This Rememberance day started appropriately gloomy with rain and fog as I hit the road. I was meeting my mother so we could join our dear friend Ceri for a catch-up lunch in Owen Sound. I traditionally attend Remembrance Day ceremonies, but given the distance we were all travelling to be together it couldn’t be helped.
My mother and I discussed the dispute between those of us that stick to the opening line of Flanders Fields being ‘In Flanders Fields the poppies grow’ vs the recently popular version of ‘In Flanders Fields the poppies blow’. Since Canadian poet, physician and soldier John McRae died in the last year of WW1, I guess we’ll never know if he had a preference.
As the sun came out and we passed through the small towns along the way we couldn’t help but notice the crowds gathering by their respective memorials. I felt a pang of regret but tuning into the Canadian Broadcasting Corporation radio station to listen to what was happening in Ottawa made us feel a little more connected to the ceremonies.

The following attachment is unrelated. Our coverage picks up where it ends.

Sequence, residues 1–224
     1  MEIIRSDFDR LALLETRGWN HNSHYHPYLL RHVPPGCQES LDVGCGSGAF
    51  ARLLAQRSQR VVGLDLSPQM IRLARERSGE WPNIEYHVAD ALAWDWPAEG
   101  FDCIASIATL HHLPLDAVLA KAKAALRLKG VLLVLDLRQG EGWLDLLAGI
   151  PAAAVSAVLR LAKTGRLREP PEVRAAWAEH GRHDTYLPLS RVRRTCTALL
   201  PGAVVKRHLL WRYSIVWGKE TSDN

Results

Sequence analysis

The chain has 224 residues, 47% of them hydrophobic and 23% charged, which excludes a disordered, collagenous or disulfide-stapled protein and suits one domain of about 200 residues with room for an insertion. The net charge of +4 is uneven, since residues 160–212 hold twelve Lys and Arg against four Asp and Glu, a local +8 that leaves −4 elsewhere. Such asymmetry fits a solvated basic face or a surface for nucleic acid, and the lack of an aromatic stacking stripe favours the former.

Since moving to a smaller town I’ve noticed that people are different in many ways. It was a few minutes before 11am as we passed through farm country that I observed some cars had started to pull over and then the large freight truck ahead of me lumbered over to the side of the road too. I suddenly realized what was happening, pulled over and joined this unlikely community remembrance. My mother, who had been a child in Britain in WW2, cried quietly beside me as the The Last Post began, we had some silent reflection, listened to reveille and minutes later we all pulled back onto the road and continued on our way. Extraordinary.